Full-Time or Part-Time Search: What’s Right for You? 

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One of the biggest questions we get in the Acquisition Lab is whether you should dedicate part-time or full-time effort to searching for a business to buy. 

Is it like a side gig, where you can dedicate a couple hours in the evening to find your perfect business?

Or do you need to go full bore to really do it right? 

These are really important questions, and they’re tough to answer in such a fragmented marketplace. However, I can speak to the merits of searching for a business part-time and full-time, as I purchased my first business while on a part-time search, then I purchased my second while searching full-time. 

Today, I’m going to cover the pros and cons to approaching your search part-time versus full-time. I’ll also provide you with a framework to understand the big stages of the search process, so you know when it’s best to remain part-time and when to finally take the leap into full-time searching. 

Searching for a Business: 3 Different Approaches


There are three different approaches you can take when searching for a business: part-time, full-time, and via a
search fund

Part-time search: A part-time search approach is when you hold onto your current full-time job, and you spend time outside of your normal working hours searching for a business to purchase. From broker outreach to evaluating deals, you’re doing this work after hours.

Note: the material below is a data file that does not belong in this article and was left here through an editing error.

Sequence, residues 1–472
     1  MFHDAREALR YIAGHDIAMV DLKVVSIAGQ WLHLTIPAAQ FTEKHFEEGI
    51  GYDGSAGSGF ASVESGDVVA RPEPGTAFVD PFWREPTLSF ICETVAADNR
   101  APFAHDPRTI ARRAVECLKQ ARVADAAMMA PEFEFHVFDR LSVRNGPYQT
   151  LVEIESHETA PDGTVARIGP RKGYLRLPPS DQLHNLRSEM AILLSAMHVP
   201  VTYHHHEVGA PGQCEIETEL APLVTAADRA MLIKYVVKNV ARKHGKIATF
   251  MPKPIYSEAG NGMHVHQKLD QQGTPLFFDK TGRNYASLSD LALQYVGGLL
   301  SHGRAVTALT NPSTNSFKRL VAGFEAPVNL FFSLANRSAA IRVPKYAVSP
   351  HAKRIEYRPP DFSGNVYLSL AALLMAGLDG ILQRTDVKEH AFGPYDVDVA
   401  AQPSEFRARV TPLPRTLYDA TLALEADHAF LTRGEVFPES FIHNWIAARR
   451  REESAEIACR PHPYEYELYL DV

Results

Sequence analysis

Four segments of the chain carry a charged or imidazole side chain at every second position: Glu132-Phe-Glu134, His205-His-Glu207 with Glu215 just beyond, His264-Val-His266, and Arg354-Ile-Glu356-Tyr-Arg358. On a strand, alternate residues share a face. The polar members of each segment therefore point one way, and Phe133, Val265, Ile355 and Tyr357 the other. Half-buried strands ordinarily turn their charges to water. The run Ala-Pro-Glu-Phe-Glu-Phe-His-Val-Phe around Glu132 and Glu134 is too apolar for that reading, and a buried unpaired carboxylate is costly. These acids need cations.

Full-time search: A full-time search approach is when you choose to leave your full-time job to dedicate your newly freed hours to searching for a business to purchase.

Pros and Cons: Full-time Versus Part-time


Now that you know what it looks like to run your search part-time versus full-time, let’s talk about the pros and cons. 


Part-Time Search


Conducting your search part-time, you get the value of maintaining your current job along with the salary and benefits that accompany it. This alleviates the stress that many full-time searchers experience when funds run low with no timeline of it getting replenished. 

The downsides to part-time search are:

  • Competing priorities
  • Less time to dedicate to the process
  • Longer timeline
  • Inability to respond quickly to deals

By juggling multiple priorities, there are other things pulling at your focus, time, and attention. Most of the time, this translates to less effort in the search process and, therefore, less results.

Here’s what I mean by inability to respond quickly to deals: